The Myth of Hypoallergenic Dog Breeds

fluffy white dog being held by woman

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The United States has the highest number of household pets compared to other countries, with over 60% of all families keeping one or more domesticated animals (such as a dog or cat) inside the home. As the number of homes with indoor dogs and/or cats has increased over the past 60 years—before which animals were mainly kept outdoors because they were considered “dirty”—so has the rate of allergic diseases. Allergy to dogs is also common, affecting up to 20% of the population in Western countries. Allergic symptoms related to dog exposure include asthma, allergic rhinitis, atopic dermatitis, and urticaria. In an attempt to reduce these symptoms, people with pet allergies who want to own a dog have sought out so-called “hypoallergenic” breeds in an attempt to reduce or eliminate allergic symptoms.

The Concept of Hypoallergenic Dog Breeds

The major dog allergen, Can f 1, is responsible for allergies in most people who are allergic to dogs. Hypoallergenic breeds of dogs are thought to have a lower concentration of Can f 1, and therefore cause less (or even no) allergic symptoms in people with a dog allergy. Examples of dog breeds that are considered to be hypoallergenic include Poodles, Labradoodles, and Yorkshire terriers. There is no scientific proof these breeds truly produce lower amounts of Can f 1; this assumption is simply based on the fact that, because these dog breeds do not shed hair, they therefore must be hypoallergenic.

Hypoallergenic Breeds of Dogs: Do They Exist?

A 2012 study by researchers in the Netherlands and Virginia sought to determine if hypoallergenic breeds of dogs actually produce less Can f 1. Homes with “hypoallergenic” breeds of dogs, including Poodles, Labradoodles, Spanish Waterdogs and Airedale terriers, were studied and compared to homes with “non-hypoallergenic” dogs, including Labrador retrievers and various mixed-breed dogs. Hair and coat samples were taken from the dogs, and settled and airborne dust samples were taken from the homes and analyzed for Can f 1 concentrations.

Surprisingly, the amount of Can f 1 found in hair and coat samples was actually highest in the hypoallergenic breeds of dogs, with Poodles having the highest amount of the dog allergen, and labrador retrievers having the lowest amount. These differences did not appear to be related to gender, age, spay/neuter status or frequency of bathing or swimming—although recent swimming (but not bathing) did significantly reduce the amount of dog allergen collected for all types of dog breeds.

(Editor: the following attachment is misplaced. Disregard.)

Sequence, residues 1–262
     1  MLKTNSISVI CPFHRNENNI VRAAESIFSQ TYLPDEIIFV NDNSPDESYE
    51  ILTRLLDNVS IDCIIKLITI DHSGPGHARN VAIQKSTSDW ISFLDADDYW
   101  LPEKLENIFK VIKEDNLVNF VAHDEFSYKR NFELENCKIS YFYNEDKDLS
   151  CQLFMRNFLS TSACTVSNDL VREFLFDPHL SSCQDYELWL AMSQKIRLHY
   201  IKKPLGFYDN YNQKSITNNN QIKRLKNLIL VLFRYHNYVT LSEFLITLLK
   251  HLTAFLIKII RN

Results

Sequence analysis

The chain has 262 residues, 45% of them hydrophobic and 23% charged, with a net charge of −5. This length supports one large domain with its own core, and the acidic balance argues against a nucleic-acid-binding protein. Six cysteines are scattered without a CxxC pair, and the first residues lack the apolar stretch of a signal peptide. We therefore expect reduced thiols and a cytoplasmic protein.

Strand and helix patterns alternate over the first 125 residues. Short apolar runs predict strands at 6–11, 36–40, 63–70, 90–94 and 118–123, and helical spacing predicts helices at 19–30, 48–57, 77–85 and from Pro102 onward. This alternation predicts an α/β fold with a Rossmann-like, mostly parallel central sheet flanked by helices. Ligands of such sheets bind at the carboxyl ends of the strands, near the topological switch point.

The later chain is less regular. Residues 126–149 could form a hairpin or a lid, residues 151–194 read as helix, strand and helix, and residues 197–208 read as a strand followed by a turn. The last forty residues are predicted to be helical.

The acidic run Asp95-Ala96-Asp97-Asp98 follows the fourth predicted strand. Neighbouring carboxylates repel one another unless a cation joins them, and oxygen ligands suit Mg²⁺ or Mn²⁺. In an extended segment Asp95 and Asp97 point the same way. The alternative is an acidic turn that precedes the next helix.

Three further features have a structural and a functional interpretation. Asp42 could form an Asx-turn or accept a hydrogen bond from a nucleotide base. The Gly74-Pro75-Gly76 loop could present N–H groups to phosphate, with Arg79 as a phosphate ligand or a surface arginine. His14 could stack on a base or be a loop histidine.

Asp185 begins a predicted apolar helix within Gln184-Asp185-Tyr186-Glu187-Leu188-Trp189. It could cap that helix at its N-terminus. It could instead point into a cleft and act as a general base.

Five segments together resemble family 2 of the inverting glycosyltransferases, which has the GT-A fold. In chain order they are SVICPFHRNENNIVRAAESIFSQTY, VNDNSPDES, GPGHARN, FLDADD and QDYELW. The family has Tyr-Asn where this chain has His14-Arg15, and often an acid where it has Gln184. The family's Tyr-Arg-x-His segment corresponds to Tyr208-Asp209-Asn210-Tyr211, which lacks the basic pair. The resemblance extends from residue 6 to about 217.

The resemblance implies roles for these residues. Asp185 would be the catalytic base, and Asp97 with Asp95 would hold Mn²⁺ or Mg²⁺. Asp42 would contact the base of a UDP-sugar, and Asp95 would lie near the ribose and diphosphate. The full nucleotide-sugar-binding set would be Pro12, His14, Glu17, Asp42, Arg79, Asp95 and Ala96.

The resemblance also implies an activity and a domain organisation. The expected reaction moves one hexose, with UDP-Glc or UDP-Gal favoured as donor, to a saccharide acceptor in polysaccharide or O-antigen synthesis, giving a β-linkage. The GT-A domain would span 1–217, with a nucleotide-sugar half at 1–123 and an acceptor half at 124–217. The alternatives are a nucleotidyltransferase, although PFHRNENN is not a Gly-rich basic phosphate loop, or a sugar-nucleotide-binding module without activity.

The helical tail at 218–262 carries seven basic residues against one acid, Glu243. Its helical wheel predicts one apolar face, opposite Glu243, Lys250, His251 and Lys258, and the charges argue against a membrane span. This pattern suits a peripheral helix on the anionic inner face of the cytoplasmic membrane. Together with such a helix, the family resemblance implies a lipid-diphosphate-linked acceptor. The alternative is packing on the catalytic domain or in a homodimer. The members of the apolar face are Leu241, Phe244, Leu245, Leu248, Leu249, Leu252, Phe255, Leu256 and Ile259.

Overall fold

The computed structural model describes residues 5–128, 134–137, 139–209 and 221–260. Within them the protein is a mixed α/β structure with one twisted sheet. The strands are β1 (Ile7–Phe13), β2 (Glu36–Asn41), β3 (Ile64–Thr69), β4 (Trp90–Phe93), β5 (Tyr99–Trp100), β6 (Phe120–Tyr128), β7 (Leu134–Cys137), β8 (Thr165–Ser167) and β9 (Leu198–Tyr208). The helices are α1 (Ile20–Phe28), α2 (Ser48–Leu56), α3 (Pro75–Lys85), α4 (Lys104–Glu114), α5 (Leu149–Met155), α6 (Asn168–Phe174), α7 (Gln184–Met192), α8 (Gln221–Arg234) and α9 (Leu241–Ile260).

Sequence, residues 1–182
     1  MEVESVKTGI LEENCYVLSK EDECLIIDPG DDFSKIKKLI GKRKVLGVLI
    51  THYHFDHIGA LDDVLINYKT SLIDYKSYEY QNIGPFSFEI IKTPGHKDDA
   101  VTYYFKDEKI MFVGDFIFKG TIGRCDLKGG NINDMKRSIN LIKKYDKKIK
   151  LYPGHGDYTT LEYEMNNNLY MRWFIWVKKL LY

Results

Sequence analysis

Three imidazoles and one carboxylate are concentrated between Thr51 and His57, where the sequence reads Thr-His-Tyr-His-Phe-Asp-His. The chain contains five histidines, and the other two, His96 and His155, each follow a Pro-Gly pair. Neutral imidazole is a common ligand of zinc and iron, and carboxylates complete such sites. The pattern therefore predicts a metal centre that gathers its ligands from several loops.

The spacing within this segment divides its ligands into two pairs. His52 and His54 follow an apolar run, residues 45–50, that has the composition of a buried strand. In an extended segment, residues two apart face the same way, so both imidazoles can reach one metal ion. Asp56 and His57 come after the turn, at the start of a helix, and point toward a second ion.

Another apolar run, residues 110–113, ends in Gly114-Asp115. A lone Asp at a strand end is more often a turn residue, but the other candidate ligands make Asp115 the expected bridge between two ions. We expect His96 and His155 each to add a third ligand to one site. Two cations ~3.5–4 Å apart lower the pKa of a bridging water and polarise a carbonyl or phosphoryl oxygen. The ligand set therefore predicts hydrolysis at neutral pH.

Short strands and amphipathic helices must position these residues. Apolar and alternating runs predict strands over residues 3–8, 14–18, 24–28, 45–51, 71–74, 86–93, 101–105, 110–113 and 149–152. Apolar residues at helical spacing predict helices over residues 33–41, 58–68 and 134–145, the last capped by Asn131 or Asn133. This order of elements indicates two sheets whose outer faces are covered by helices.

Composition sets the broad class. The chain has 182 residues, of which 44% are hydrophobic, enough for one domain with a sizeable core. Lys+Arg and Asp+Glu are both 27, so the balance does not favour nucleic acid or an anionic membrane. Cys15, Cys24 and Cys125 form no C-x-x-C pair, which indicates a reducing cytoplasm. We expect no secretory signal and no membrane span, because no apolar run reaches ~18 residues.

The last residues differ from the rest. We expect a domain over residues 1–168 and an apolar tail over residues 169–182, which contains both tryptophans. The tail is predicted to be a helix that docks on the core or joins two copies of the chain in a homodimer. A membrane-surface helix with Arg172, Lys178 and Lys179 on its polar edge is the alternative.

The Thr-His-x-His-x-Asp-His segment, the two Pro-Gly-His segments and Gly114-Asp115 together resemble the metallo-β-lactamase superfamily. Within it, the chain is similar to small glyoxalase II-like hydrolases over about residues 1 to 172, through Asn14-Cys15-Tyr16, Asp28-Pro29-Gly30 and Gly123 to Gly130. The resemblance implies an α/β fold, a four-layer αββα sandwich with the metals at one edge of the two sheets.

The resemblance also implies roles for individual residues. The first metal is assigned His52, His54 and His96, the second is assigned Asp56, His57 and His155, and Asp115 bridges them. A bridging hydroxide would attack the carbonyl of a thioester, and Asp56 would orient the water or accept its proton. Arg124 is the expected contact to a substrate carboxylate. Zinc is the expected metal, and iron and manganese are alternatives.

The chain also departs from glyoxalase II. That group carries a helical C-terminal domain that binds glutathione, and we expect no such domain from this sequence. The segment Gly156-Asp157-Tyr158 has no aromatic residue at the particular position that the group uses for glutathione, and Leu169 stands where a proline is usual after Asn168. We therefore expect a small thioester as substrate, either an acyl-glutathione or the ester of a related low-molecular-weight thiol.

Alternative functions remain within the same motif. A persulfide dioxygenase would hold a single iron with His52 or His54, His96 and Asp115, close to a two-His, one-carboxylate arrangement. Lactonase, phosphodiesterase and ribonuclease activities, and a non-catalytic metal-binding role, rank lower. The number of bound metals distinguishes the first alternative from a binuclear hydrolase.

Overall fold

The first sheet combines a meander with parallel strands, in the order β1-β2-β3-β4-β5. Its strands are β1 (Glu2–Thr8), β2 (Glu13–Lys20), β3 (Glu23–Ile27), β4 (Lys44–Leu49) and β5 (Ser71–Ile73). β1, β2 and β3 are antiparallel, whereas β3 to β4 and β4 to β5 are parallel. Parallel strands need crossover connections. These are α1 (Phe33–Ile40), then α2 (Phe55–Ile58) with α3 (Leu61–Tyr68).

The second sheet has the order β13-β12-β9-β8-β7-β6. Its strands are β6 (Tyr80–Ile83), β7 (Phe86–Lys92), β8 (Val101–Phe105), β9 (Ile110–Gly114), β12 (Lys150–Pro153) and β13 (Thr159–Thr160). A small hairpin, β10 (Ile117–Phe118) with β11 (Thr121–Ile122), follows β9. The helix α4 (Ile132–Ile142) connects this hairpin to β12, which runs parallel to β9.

When comparing floor and airborne dust samples from the homes of the dogs, researchers found that homes with Labradoodles had lower amounts of Can f 1 from floor dust samples when compared to other hypoallergenic and non-hypoallergenic breeds of dogs. This difference could not be explained by spay/neuter status, age, gender, bathing frequency, house cleaning frequency, or type of floor covering. However, homes with carpeting had higher levels of Can f 1 in general in the floor dust samples compared to homes with hard floor surfaces, regardless of dog breed. There was no difference in the amount of airborne Can f 1 in homes with hypoallergenic versus non-hypoallergenic breeds of dogs.

What's a Dog Lover to Do?

Therefore, it appears that the concept of a hypoallergenic dog is actually a myth, built on the false pretense that so-called hypoallergenic breeds do not shed hair, and therefore shed less allergen. There's never been a study to confirm this assumption, but there are now at least a couple of studies that show no significant differences in the major dog allergen (Can f 1) in homes with hypoallergenic dog breeds compared to non-hypoallergenic breeds of dogs. So for people with an allergy to dogs, the only logical recommendation is not to get one.

So what’s a dog lover with a dog allergy to do? Read about some techniques proven to reduce the amount of dog allergen in the home, as well as some measures to take when you’re allergic to your pet.

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